The Green Bay Packers defense has been much-improved this season and is still ranked in the top 10 in the league in yards allowed per game.

The defense played its best game last month when they shut out the Seahawks 17-0 at Lambeau Field and kept Russell Wilson and company in check nearly all game.

But since then, the defense has struggled to contain big plays. The Vikings Justin Jefferson got deep for several big gains while both Van Jefferson and Odell Beckham Jr. struck for scoring plays of more than 50 yards for the Rams the following week. Justin Fields had several chunk plays for a mediocre Bears offense while backup quarterback Tyler Huntley led the Baltimore offense to 30 points on the strength of several splash plays.

While the Packers won three of those four games, the defense must find a way to reduce the number of big plays they give up if the team hopes to clinch the top seed in the NFC and to win a Super Bowl. Here are five things that can help the Packers defense reduce big gains for the rest of this season:

  1. Get Kenny Clark Back in the Lineup

The Packers clearly missed Clark in the game against Baltimore. Clark is one of only a handful of interior defensive linemen who can both tie up multiple blockers against the run and get consistent pressure on opposing quarterbacks from the middle of the defense. Clark doesn’t just neutralize blockers he pushes them behind the line of scrimmage and disrupts plays.

With Clark out of the lineup, Huntley had more time to throw the football and to elude the pass rush and buy enough time to complete passes downfield.

The Packers run defense also suffered without Clark in the lineup. Baltimore gained 143 yards on just 26 carries against Green Bay. While Huntley gained 73 of those yards, running back Latavius Murray averaged nearly seven yards per attempt on seven carries.

If the run defense improves, the defense will force opponents into more obvious passing situations and that makes the play calling more predictable.

Clark missed the game because he was in the Covid protocols. Getting him back in the lineup for the final three games and keeping him healthy for the playoffs would make a big difference for the team the rest of the way.

  1. Don’t Give As Much Cushion to Opposing Receivers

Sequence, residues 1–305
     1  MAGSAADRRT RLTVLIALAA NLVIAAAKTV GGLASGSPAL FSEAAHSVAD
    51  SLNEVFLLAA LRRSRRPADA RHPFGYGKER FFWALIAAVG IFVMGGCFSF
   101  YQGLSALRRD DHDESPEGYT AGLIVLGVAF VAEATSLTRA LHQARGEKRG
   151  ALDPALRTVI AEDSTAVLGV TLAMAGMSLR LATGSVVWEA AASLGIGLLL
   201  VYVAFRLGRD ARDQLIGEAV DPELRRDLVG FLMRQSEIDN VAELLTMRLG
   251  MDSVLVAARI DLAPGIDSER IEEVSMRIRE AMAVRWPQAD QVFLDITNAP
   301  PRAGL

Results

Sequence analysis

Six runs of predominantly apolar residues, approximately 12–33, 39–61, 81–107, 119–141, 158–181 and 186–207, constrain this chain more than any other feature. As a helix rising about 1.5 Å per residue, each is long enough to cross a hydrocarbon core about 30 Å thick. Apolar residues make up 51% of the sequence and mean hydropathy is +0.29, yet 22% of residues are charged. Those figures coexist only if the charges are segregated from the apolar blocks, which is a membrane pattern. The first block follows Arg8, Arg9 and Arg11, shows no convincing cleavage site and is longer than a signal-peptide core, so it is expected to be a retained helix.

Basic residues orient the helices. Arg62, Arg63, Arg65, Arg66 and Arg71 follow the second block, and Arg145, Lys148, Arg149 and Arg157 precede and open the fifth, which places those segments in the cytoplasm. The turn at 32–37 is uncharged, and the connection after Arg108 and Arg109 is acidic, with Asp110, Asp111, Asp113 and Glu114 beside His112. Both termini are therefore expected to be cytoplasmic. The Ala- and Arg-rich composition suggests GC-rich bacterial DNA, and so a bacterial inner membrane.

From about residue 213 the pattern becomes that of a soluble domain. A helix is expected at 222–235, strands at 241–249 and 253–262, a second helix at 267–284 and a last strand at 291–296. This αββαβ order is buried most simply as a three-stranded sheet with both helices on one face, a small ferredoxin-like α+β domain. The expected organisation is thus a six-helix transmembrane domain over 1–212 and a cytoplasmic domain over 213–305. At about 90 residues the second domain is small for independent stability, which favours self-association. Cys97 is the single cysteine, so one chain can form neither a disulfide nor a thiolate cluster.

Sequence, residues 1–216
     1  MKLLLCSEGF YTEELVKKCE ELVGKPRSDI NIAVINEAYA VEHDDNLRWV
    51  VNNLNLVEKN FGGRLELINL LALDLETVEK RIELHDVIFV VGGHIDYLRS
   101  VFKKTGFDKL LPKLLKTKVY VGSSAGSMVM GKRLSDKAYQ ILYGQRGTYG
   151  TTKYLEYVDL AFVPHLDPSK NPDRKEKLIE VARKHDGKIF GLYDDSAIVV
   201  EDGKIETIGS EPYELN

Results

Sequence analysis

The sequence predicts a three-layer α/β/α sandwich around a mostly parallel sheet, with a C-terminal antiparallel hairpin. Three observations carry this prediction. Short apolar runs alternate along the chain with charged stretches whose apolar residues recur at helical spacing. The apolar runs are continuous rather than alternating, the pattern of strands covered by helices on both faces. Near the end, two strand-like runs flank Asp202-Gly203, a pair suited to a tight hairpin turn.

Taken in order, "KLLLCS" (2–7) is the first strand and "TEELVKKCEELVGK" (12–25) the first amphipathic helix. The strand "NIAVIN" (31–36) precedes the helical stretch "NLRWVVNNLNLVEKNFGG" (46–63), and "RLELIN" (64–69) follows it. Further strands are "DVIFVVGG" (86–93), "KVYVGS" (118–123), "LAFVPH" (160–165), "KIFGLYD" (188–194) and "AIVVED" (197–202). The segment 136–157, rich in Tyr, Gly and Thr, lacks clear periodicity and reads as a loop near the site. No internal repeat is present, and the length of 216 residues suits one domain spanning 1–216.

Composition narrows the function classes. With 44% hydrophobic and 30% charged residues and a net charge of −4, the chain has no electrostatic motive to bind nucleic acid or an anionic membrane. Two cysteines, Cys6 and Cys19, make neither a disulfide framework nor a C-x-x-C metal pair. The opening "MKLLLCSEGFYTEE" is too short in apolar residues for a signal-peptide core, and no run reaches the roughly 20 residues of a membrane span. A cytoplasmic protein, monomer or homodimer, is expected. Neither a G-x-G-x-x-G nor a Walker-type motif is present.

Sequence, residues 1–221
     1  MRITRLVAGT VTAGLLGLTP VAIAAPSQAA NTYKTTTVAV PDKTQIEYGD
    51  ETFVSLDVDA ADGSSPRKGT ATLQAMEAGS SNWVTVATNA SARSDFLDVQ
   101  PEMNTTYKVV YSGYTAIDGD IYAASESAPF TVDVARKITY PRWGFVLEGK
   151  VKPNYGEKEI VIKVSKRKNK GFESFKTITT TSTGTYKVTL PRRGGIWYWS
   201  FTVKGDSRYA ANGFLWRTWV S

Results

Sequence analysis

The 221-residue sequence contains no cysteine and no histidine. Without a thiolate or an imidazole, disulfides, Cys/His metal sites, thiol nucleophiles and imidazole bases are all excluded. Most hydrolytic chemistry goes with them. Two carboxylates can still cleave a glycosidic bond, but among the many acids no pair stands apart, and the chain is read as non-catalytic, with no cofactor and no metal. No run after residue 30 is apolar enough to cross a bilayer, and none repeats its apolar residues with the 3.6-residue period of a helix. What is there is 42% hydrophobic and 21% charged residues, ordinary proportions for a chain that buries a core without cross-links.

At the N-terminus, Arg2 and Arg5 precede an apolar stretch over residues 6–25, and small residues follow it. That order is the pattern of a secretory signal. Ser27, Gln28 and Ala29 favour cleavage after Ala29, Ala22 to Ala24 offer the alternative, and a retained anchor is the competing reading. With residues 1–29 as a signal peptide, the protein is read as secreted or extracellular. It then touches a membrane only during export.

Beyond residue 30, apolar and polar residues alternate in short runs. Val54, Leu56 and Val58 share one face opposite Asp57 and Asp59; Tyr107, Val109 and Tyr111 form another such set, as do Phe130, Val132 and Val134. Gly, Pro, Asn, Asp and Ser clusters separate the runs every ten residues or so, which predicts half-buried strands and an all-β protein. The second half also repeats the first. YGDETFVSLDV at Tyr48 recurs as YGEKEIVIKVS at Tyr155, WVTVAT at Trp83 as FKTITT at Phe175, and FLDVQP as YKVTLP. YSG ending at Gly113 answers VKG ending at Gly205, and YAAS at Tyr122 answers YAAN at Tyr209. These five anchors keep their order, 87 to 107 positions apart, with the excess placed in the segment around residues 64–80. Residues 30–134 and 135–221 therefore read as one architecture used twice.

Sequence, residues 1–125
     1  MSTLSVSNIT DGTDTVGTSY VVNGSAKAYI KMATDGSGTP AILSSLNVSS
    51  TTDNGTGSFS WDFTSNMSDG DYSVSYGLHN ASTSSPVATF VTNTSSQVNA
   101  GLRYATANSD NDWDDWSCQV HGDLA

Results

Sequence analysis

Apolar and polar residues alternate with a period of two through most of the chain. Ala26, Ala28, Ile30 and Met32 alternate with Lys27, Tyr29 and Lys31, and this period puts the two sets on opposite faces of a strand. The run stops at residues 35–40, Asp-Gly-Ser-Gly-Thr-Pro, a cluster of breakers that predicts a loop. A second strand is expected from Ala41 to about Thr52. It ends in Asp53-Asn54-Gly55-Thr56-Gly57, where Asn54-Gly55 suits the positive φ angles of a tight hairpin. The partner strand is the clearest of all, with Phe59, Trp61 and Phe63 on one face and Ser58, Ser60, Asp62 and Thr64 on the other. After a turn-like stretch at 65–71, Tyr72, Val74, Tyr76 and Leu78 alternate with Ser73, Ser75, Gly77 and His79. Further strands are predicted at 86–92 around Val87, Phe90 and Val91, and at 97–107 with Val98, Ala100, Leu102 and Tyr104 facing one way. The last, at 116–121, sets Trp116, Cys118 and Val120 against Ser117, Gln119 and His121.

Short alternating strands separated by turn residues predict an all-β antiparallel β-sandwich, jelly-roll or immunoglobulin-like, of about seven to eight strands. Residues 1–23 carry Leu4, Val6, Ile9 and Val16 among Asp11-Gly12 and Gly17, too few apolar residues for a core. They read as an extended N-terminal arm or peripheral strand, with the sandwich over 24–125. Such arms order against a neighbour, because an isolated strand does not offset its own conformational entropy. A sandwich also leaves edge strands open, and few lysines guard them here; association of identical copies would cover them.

The Packers defense has been giving too much cushion to opposing receivers. Against Baltimore, the result was a lot of short passes that set up more splash plays and allowed the Ravens to move the ball consistently down the field.

The Packers have speedy corners in Eric Stokes and Jaire Alexander (when he returns to the lineup) but even the defensive backs without elite speed don’t need to play eight yards off the receivers they are covering.

Reducing the cushion and being more physical at the line should reduce the free releases receivers have been getting and reduce their ability to get free downfield. That should reduce the number of big plays by opposing offenses.

  1. Figure Out the Dime Back Situation

The Packers have been using Chandon Sullivan as the primary nickel back and Henry Black as the dime back. While Black is solid on special teams and can help against the run, he has struggled at times in coverage. According to, opposing quarterbacks are completing 77.8 percent of their passes when throwing to receivers covered by Black and have a quarterback rating of 125.8.

Both the Vikings and Rams created mismatches against Black that resulted in big gains.

Against the Ravens, Kevin King stepped in and replaced Black as the dime back and Black played only one snap on defense. King performed better than Black has in recent weeks, but he is also inconsistent in coverage, playing well at times and struggling at others.

Getting Jaire Alexander back in the lineup will increase the Packers depth in the secondary and should help them solidify the roles of their defensive backs for the playoffs. That should also upgrade the play they get a dime back.

  1. Get Za’Darius Smith and Jaire Alexander Back In the Lineup

The return of Alexander would give the Packers an elite group of cornerbacks with Alexander, Stokes, Rasul Douglas, Sullivan and King as the top five. It would allow the Packers to mix and match their coverages and keep offenses guessing a bit as to who is covering who and what type of coverage they are in.

The return of Za’Darius Smith would give the Packers three very strong edge rushers with Preston Smith and Rashan Gary all providing the team with experienced and capable pressure on opposing quarterbacks. If quarterbacks have less time to throw, they will be less able to throw deep and create those splash plays that have hurt the Packers in recent weeks.

  1. Figure Out Tight End Coverage

The Packers had a lot of difficulty stopping Ravens tight end Mark Andrews who finished the game with 10 catches for 136 yards and two touchdowns. In the first half, the Packers tried to have Darnell Savage cover Andrews but the big tight end had a huge size advantage and Savage had an off day.

In the second half, King got the call and did a little better but Andrews remained an effective weapon for Baltimore and got four more catches after the break.

The Packers need to find an effective player to cover tight ends. Earlier in the season, De’Vondre Campbell did a good job when called upon and the Packers were able to limit the damage done by some very good tight ends. They need to find the right mix of coverages to prevent tight ends and slot receivers from hurting them over the middle of the field.


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